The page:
Another feature now incorporated at all Nextel tracks is the SAFER (steel-and-foam-energy-reduction) barrier developed by the University of Nebraska — a soft, impact-absorbing wall around the inside of tracks that replaced unforgiving and unbending concrete or steel.

The better competition will come from the design of the COT, NASCAR maintains. Currently the most important aspect of NASCAR cars is the aerodynamic affect — the long, flat, low appearance of the racers allowing them to slice through the air. It also makes racing — i.e., passing, even side-by-side competition — difficult among contenders. An average driver can consistently finish better than a superior driver simply by having a vehicle with a better aero package.

NASCAR says the COT should change that. The car will be boxier — wider, taller, shorter and as a result, slower. The nose will be flatter, requiring the vehicle to punch a hole instead of slicing through air. Most importantly, the spoiler on the rear deck will be replaced by a wing (like a Formula 1 racer), thereby reducing the turbulence that could send a trailing car careening out of control. The wing will allow the sport to turn back the clock 10 years as far as competition is concerned and return the driver to a more prominent position.

“It will be slower but also more exciting,” said Benny Parsons, a retired driver who is now a TV commentator. “If I want to see 25 cars run nose-to-tail at 190 mph, I can go down to the freeway. To me, 25 cars swapping position and sling-shotting past you at 160 mph like we did 30 years ago, gahh-leee, that’s exciting.”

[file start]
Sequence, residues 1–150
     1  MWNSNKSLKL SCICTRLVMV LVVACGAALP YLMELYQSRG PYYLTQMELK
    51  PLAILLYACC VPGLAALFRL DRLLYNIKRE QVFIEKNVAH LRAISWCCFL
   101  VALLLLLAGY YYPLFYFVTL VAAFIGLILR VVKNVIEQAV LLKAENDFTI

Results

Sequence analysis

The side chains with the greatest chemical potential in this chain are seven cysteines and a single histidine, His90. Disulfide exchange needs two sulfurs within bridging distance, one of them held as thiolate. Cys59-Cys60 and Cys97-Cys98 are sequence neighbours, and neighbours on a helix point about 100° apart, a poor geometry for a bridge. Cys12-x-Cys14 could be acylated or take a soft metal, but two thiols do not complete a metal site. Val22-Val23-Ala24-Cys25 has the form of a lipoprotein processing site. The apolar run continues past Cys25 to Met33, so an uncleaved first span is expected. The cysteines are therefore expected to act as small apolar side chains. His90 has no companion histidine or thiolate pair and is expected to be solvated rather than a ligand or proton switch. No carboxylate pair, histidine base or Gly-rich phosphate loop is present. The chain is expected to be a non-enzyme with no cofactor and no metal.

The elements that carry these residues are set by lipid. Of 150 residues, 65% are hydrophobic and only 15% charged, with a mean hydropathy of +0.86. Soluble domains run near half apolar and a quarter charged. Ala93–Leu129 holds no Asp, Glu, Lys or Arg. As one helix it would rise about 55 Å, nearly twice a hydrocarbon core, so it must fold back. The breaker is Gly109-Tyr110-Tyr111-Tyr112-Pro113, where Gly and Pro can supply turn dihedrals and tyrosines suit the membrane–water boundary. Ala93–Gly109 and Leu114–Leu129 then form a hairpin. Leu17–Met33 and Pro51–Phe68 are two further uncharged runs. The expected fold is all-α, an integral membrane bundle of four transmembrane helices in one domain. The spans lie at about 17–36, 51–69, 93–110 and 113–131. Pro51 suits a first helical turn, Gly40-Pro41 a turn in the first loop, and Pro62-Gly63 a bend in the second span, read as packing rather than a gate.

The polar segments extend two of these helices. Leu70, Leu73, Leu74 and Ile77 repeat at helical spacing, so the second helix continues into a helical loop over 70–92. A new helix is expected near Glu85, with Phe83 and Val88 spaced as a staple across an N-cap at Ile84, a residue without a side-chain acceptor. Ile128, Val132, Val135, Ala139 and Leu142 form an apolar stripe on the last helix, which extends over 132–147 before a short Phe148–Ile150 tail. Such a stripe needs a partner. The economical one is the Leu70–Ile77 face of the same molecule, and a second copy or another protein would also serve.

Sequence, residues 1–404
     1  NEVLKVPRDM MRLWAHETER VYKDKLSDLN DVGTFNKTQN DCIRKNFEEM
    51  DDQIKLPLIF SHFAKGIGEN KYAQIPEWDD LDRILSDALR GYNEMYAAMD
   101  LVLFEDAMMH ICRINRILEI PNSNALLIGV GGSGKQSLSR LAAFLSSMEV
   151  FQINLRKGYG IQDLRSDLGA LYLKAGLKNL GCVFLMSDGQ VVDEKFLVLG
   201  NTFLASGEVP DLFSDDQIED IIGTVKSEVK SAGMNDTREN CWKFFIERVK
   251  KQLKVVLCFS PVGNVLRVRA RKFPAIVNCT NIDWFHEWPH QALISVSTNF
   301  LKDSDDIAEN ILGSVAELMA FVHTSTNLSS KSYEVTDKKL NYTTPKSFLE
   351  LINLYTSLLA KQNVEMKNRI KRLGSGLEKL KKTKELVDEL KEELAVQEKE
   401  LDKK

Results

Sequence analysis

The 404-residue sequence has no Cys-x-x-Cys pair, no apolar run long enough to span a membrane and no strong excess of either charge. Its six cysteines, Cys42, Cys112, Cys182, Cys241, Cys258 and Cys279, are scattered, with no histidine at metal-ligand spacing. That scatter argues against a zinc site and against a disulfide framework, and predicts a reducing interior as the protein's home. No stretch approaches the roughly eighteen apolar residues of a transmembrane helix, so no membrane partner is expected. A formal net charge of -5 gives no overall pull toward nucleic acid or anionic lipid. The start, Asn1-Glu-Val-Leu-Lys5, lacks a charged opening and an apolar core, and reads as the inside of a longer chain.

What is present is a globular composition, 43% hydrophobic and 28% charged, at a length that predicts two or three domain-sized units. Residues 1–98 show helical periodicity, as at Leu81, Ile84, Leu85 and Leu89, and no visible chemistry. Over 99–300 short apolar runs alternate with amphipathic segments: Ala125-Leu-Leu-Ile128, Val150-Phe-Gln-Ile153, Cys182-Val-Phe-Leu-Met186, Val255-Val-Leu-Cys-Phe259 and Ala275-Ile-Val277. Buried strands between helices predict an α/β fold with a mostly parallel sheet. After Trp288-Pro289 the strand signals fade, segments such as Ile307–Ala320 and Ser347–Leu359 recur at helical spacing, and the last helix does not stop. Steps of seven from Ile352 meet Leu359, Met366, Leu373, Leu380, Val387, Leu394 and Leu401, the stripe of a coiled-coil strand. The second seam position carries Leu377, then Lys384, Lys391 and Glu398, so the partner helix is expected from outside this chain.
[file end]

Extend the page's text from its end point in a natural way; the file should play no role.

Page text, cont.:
But how NASCAR is going about the change is dividing those in the garages. Some think the sanctioning body is correct to institute things slowly — over a three-year period to allow time to change anything that needs refinement. The majority claim the cost of maintaining two separate fleets of cars, up to 15 a team, will be excessive.

“What I want them to do is make a clean cut,” Petty said. “Just throw out all the old stuff and start with new cars. Where the expense is going to come from is having two sets of race cars in the shops at the same time.”

NASCAR maintains the COT will save teams money in the long run because fewer cars will be needed, down to eight or nine from 15 or more. Minor tweaking of the COT, NASCAR said, will allow teams to use some cars at more than one track.

“Well,” said Jimmy Makar, senior vice president of Joe Gibbs Racing, shaking his head, “it’s going to be expensive, that’s for sure. You’ve got to delete all the cars in your fleet and start over. We’ve got road course cars now we’ve used for five, six years, some speedway cars, too. The only thing you can hope for is that NASCAR is right, that we’d need fewer cars. Your short course car may become your road car because there’s so little [adjustments] you can do with them.”

Gibbs remains doubtful, too: “They said it was going to save us money, but that remains to be seen.”

Roush said: “It won’t save us any money, not a dime. It’s going to cost us thousands, thousands in new processing before we’re done and how long will they last before we’re doing it all over again?”

One thing is certain — the complaining is just starting.

“Those who figure it out early won’t complain but those who don’t will,” said Larry McReynolds, a former crew chief who now works in television. “If you run well, you love it. If you don’t you hate it.”